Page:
Good news for taxpayers and business owners: Business meals are deductible, according to IRS regulations issued last week.

Second piece of tax news: If you filed an extension (like yours truly), the deadline is next Monday, Oct. 15. More on that later.

First, let's discuss last week's federal tax regulations that clarified which business meals we can deduct. This affects small-business owners more than anyone.

The IRS clarified the confusing 2017 Tax Cuts and Jobs Act, saying we can deduct 50 percent of the cost of business meals if the taxpayer (or an employee of the taxpayer) is present and food or beverages are not lavish or extravagant.

We received a handy hit list from Marty Abo, CPA and tax accountant in Mount Laurel, which he also sent to clients.

Here's some of what can and can't be deducted:

  • CAN: Deduct 50 percent for meals associated with the active conduct of your trade or business, and for meals with employees where business is discussed.
  • CAN: Deduct 50 percent for business meals that are reasonable, even if at deluxe hotels, restaurants, resorts, or nightclubs, as well as 50 percent of taxes and tips.
  • CAN: Deduct 100 percent of an employer's cost of dinner for employees working overtime or lunch ordered in for a staff meeting.
  • CAN: Deduct transportation to and from restaurants for a business meal.
  • CAN: Deduct 50 percent of the cost of meals provided for the convenience of the employer, such as meals provided to employees who need to be available throughout the mealtime. (Alas, before Dec. 31, 2017, these were 100 percent deductible).
  • CAN: Deduct fully, including meals, expenses for recreational, social, or similar activities to benefit employees, such as an annual holiday party or summer outing.
  • CAN'T: Deduct entertainment expenses, including taking clients or prospects to the theater, sporting events, nightclubs, country or social clubs, concerts, movies, amusement parks, hunting and fishing, or entertainment facilities (yep, that stadium suite goes).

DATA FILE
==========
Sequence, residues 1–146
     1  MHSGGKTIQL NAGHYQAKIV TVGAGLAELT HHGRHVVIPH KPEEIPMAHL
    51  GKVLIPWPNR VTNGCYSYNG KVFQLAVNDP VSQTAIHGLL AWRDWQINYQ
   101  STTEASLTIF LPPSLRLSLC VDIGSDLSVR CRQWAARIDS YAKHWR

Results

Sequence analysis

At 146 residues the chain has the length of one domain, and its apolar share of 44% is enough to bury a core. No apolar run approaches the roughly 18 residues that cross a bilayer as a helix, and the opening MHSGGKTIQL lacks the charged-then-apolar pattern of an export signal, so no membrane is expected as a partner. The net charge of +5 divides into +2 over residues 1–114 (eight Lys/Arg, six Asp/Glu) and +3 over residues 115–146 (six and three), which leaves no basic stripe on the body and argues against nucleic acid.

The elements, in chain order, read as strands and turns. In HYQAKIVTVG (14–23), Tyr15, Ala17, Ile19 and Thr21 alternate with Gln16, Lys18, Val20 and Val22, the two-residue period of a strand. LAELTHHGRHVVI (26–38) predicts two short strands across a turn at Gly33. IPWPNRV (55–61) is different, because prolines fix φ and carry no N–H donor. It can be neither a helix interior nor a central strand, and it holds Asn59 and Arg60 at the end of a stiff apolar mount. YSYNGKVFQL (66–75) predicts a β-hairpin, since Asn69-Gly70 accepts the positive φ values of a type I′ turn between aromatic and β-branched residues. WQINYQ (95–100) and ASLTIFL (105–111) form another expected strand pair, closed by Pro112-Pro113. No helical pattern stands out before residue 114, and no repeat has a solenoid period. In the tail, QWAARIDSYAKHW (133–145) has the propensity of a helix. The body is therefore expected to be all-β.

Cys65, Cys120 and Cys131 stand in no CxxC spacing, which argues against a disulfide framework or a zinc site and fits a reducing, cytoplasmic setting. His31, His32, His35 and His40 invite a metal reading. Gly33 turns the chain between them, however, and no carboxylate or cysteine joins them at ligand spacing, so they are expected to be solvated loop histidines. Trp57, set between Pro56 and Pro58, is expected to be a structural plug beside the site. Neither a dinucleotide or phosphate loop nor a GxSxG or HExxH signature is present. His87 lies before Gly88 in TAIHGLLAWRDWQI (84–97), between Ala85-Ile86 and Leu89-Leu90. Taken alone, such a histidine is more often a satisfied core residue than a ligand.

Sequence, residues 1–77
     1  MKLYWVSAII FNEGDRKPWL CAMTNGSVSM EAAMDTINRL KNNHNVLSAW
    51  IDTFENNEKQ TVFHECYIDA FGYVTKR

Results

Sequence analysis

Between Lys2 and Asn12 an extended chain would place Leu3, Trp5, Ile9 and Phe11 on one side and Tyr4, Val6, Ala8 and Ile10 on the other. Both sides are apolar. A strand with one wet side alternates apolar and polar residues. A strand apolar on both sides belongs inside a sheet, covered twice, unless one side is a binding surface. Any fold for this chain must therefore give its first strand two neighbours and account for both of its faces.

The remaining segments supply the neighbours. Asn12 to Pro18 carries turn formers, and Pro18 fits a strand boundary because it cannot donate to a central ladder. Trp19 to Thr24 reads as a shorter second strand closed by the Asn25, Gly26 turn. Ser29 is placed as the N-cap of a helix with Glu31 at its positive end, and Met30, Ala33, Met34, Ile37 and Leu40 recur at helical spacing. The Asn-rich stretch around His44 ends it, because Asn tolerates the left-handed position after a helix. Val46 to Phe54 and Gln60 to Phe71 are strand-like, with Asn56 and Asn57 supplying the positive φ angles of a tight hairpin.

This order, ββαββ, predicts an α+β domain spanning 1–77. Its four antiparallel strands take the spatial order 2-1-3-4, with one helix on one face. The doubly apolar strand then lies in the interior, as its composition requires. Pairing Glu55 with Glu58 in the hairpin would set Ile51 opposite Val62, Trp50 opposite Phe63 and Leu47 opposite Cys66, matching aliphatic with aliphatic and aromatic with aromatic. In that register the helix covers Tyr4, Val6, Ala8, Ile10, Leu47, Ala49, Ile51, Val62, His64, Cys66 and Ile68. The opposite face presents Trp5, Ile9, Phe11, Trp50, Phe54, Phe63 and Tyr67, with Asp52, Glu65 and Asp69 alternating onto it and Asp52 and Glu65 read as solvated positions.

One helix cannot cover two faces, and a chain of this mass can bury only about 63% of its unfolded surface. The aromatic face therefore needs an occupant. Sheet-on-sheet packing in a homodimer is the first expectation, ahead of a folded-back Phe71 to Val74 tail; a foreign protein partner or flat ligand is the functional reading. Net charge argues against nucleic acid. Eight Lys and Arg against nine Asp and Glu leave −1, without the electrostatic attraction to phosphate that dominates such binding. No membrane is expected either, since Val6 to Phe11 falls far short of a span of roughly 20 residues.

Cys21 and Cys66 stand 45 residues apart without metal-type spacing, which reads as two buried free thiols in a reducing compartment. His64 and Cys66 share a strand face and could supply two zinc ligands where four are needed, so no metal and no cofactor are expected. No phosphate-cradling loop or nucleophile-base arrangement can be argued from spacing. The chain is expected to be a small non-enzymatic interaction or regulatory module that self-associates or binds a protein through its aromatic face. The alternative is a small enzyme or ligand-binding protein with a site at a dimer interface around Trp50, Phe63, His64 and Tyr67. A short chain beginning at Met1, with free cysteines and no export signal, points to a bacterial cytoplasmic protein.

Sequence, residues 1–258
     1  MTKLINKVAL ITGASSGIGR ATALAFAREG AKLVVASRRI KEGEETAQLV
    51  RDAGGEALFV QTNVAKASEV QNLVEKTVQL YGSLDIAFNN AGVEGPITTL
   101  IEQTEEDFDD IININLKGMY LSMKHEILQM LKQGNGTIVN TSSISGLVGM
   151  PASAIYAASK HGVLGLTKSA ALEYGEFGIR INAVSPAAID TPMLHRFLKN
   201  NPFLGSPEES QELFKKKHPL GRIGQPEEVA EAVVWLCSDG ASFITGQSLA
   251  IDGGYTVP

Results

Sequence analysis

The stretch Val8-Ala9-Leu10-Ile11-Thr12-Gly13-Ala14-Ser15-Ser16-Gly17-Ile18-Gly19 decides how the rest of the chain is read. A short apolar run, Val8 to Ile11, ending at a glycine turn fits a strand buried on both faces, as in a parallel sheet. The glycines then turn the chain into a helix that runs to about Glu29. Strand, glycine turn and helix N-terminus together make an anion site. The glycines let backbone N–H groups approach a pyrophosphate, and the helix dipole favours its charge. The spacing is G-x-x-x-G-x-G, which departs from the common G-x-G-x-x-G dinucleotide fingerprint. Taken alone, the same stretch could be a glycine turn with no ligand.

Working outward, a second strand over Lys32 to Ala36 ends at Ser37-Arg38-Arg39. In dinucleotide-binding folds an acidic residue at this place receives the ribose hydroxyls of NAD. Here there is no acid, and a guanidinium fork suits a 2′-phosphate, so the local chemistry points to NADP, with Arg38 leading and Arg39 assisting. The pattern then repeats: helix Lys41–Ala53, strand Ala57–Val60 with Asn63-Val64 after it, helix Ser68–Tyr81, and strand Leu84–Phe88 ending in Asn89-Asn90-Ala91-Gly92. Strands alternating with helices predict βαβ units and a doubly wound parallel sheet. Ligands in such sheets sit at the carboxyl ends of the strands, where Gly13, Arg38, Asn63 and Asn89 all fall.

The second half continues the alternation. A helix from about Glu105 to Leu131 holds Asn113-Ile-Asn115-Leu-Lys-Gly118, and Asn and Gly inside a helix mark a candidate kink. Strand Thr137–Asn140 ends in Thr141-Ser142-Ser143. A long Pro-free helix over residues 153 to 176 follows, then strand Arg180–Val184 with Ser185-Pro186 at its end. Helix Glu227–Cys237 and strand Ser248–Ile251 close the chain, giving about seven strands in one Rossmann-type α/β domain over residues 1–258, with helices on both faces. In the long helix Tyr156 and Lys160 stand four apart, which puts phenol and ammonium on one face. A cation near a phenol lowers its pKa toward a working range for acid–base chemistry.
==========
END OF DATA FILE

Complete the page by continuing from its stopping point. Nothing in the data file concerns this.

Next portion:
• CAN'T: Deduct tickets for a sporting event, even if associated with business discussion. Or scalper's premiums for tickets, or cover charges, taxes, and tips for entertainment.
  • CAN'T: Deduct meals with business associates and co-workers unless you can establish a clear business purpose.
  • CAN'T: Deduct a meal with an employee, customer, or business associate if no business is discussed.
  • CAN'T: Deduct meals for a customer and spouse if no one else is present.

Michael Gillen, director of the tax accounting group at Duane Morris, refers readers to the IRS Notice 2018-76, https://www.irs.gov/pub/irs-drop/n-18-76.pdf, for more information. As always, consult your accountant or tax filer for professional advice.

Gillen also gave us some Oct. 15 tax filing deadline tips. Chiefly, file in a timely manner, even if you owe and can't pay. If you don't file, the IRS will impose late filing penalties of 5 percent per month up to 25 percent.

So, file even if you cannot pay to minimize these charges. If you can't pay the full amount right away, here are a few options: